The four-day ICLEI World Congress 2015, which opened in Seoul, South Korea on 8 April, is the first in 20 years to take place in Asia following Saitama, Japan.
On the second day of the congress, the first sub-plenary put its focus on China, the world’s largest economy and the home of the greatest number of cities. According to Tie Li, Director General of China Center for Urban Development (CCUD) the country has an urbanization growth rate of 1.3% from 2000-2014. Among its 20,401 administrative towns, 875 of them have over 50,000 population in built areas.
Alex Zhang, Executive Director of Eco-Forum Global and Member of ICLEI Global Executive Committee and Konrad Otto-Zimmermann, Founding Director of ICLEI East Asia Secretariat and former Secretary General of ICLEI co-chaired the session, while Shu Zhu, Regional Director designate of ICLEI East Asia Secretariat facilitated the panel discussion.
Experts who shared their insights on the challenges and opportunities of China’s new type of urbanization in the session include Patrick Ho, Deputy Chairman and Secretary General of China Energy Fund Committee; Tie Li, Director General of CCUD; Ying Chen, researcher at the Chinese Academy of Social Sciences (CASS) and Hailong Li, Deputy Director of Eco-City Planning and Construction Center under the Chinese Society for Urban Studies (CUSU) and Deputy Secretary General of China Eco-city Council.
Unbalanced regional urbanization development, inefficient governance, heavy pressures on land, congestions, lack of social infrastructure for migrant workers in the cities, over-reliance on heavy industries and a lagging service sector, as well air pollution and smog, are some of the key issues pointed out by speakers on stage.
Speaking from local governments’ perspectives, Donguang and Guiyang shared their cities’ development stories. Now a modern city famed for its manufacturing industry, Donguang has been facing particular challenge over the past decade in accommodating the needs of rural-urban migrants. While it has 1.8 million of permanent residents, its migrant population amounts to 8.2 million. To address the issues of socioeconomic equality, social stability and congestion caused by the large population, the city has set up special immigrant services institution and established a model of local rural urbanization – a joint development pattern of downtown area as center and 28 towns as supporting points.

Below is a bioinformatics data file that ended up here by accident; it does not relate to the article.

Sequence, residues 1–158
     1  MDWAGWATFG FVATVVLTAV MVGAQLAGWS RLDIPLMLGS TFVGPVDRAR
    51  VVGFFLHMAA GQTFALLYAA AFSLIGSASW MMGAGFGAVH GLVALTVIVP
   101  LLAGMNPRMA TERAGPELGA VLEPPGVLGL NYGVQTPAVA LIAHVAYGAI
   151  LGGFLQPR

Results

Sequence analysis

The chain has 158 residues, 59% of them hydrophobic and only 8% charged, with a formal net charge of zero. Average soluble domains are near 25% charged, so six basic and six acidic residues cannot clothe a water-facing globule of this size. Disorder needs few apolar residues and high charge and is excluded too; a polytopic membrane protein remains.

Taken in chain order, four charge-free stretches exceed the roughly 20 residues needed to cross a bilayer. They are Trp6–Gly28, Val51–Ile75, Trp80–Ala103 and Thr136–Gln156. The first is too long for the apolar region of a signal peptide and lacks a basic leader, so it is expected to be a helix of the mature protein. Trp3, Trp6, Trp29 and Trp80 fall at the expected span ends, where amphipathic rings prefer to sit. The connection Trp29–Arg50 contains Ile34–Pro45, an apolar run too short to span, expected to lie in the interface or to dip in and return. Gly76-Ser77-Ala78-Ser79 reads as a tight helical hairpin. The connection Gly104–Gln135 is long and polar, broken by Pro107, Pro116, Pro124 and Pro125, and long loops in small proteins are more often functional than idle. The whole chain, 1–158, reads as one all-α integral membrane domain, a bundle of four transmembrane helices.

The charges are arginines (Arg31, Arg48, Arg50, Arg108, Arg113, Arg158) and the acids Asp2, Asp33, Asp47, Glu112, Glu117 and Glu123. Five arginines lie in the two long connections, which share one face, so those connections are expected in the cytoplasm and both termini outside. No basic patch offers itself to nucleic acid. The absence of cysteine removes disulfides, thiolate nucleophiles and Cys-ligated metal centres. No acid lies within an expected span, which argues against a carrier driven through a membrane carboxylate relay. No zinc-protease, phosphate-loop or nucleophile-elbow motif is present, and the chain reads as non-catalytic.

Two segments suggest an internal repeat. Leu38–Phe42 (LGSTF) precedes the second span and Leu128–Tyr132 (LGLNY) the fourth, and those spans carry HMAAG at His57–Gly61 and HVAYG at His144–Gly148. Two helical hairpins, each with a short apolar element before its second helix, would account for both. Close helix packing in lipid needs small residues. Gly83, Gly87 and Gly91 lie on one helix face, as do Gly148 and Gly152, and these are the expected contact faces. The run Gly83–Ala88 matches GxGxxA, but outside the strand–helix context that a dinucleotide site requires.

“Donguang city has been facing many development challenges over the past decades and has been tackling them one by one. We still have a lot of urban issues, but I hope that the ICLEI World Congress will inspire us to explore new solutions and allow us to learn from cities around the world,” said Baocheng Yuan, Mayor of Dounguang City.
Ningfeng Ji, Vice Mayor of Guiyang City shared the city’s vision in developing itself into a smart city with green buildings, clean transportation and low-carbon urban lifestyle. Aiming to reduce 18,000 tons of CO2 every year, the city has stepped up in closing down or relocating outdated industries, implementing investment control and environmental conservation and protection. With 1.2 million mu of forests – 45% of its land area, it is the first to be called in China a “national forest city”.
Besides exploring the implications of the new type of urbanization rolled out by the Chinese national government, the sub-plenary also gave an insightful introduction to the construction of eco-cities, which has become the mainstream of global urban construction. According to Hailong Li, China has already built more than 100 eco-cities. Many of these eco-cities are located in the government-designated development area along the eastern coast, and are now in their implementation stage.
International cooperation and partnerships, besides national leadership, is a key element in China’s eco-cities construction, said Li. While the country’s eco-cities construction is characterized by its high speed, huge number and large scale, it is still in exploration stage and is keen to learn from overseas experience – particularly the readily available technology and effective policies – and to translate these knowledge, skills and tools into local innovation, methodology and solutions that align with the international standard.
The sub-plenary concluded with the MOU signing ceremony between ICLEI, Eco-Forum Global, CCUD and CSUS.